As always seems to be the case for me, I used WAY too much 5200. There were lots of sticky rags lying around after the job. Oh well, better to use too much than too little on an underwater application.
The important thing here is to keep the shaft centered as much as possible while securing the log and waiting for the goop to set up (couple days). Here the best indicator is how free the shaft will spin. The "sweet spot" has the shaft/thrust bearing spinning a couple rotations under its own momentum with a snap of your hand. If you start to get resistance as you tighten the shaft log's thrubolts, you must back off till it spins freely again.
Make sure there are no gaps between the stern tube flange and the shim. Small gaps, say less than 1/16th of an inch, is ok as long as it is filled with 5200. Let the goop setup for a couple days. Before it is fully cured (not tacky but still flexible), gently tighten the thru-bolts making sure the shaft can still "freely spin" within the bearing.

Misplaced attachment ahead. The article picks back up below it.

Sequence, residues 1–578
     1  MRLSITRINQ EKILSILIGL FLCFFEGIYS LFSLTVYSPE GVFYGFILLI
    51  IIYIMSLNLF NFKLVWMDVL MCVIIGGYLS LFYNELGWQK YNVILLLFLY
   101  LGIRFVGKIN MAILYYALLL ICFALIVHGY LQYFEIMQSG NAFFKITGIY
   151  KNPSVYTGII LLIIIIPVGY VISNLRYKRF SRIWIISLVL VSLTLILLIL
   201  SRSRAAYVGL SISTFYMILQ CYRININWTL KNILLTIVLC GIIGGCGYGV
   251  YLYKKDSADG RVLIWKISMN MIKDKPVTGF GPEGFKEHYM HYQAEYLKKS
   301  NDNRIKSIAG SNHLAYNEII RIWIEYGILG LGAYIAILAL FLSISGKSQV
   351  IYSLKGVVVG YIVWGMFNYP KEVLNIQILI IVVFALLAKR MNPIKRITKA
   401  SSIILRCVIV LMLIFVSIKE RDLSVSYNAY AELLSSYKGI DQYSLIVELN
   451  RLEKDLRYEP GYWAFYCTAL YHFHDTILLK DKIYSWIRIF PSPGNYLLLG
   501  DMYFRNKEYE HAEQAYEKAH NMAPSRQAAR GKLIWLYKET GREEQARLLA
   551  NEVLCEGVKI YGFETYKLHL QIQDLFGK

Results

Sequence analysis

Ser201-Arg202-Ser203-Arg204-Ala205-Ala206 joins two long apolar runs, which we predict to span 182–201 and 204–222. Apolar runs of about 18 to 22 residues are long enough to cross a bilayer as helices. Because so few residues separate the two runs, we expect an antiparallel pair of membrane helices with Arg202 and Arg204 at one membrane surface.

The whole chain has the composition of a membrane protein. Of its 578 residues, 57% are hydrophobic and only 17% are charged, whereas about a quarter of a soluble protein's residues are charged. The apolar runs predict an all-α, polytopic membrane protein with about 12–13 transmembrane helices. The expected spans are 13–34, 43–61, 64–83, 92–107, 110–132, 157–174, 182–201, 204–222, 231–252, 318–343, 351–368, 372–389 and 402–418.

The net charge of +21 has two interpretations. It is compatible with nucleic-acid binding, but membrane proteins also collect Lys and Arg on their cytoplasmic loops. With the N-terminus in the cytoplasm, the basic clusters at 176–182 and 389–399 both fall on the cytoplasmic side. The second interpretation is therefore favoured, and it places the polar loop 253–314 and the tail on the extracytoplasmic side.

|Previously shimmed and prepared stern tube.|
|Aquadrive with 'temporary' shaft and coupler.|
|Notice the centered shaft, standing on its own, not touching the sides of the tube.|
|Test fitting the shaft log with cutless bearing.|
|Gooping of shaft log footprint with 3M 5200|
|Gooping of inside flange of shaft log to ensure a good gasket seal.|
|Inside the hull. Sealing of shaft log and bronze thru-bolts.|
|Outside of shaft log with a generous fillet of 5200 around the edges.|